As the appellate court notes, the plain language of Section 32.51(c) establishes that it is the number of individual pieces of identifying information that a person unlawfully possesses or uses that determines the level of the offense—not the number of persons defrauded or victimized.  The appellate court’s analysis here is sound and consistent with another intermediate appellate court’s treatment of a related issue pertaining to the same statute; thus, you should expect this decision to hold up even if the defendant seeks discretionary review with the Texas Court of Criminal Appeals.

Veal v. State

No. 01-22-00285-CR                       08/31/23


Does probable cause to search for information on a seized cell phone become stale if the phone was held in evidence for months before a search warrant was obtained?


No. The court held that the probable cause facts were not stale, because the trial court could have inferred from the affidavit that depositing the phone with authorities the day the defendant was arrested for burglary had the effect of freezing in time the phone’s contents. Read opinion.

Dissent (Goodman, J.):

The defendant “established the search warrant for her cell phone was issued in violation of her Fourth Amendment rights because the State seized her cell phone for an unreasonable amount of time before obtaining the search warrant, and the State did not meet its burden on appeal to show this violation was harmless beyond a reasonable doubt, so [the defendant’s] conviction should be reversed. I, therefore, respectfully dissent.” Read dissent.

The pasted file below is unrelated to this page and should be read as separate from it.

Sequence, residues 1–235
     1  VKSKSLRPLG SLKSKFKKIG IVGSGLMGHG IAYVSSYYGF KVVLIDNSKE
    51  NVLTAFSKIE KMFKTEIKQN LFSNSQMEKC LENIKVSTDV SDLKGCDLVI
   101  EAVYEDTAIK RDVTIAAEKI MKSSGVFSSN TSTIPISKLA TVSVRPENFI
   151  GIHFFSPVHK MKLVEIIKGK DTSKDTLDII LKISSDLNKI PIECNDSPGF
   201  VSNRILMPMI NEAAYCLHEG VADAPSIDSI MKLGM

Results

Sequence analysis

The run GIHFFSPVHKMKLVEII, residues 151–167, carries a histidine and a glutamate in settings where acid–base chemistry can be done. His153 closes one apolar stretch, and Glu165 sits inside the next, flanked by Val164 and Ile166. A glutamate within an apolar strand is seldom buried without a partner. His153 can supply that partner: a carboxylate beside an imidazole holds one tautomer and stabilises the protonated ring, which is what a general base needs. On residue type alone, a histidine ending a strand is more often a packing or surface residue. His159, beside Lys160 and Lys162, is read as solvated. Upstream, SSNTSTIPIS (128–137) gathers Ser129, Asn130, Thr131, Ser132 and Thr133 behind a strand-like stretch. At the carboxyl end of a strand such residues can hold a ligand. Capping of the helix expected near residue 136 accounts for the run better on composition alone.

The majority’s ruling is premised upon the foundational principle that “[p]robable cause ceases to exist when, at the time the search warrant is issued, it would be unreasonable to presume the items remain at the suspected place.”  The majority then logically observes that not all evidence is the same and that some evidence “is of the sort that can reasonably be expected to be kept for long periods of time in the place to be searched’—e.g., information or data in a cellphone or other electronic device (computers, iPads, Apple watches, etc.), which is often kept for extensive periods of time or indefinitely.  Especially because there are few other Texas cases on this subject, this opinion will be very important to you if any of your cases feature a delay between the seizure of a cellphone (or other electronic device) and when the police seek a warrant to search it, as might occur because of an investigator’s heavy workload, because the investigator does not immediately see the evidentiary potential regarding the device, or for myriad other reasons.  In that event, do as much as you can to lay out facts in the search warrant affidavit to establish that the seized electronic device was/is being kept in a secured manner during the delay timeframe—such that it would be reasonable to expect that the data or information sought still remains on the device—but recall from this opinion that the trial court or magistrate (as well as the reviewing court) may make reasonable inferences to bridge some logical gaps in the facts recited.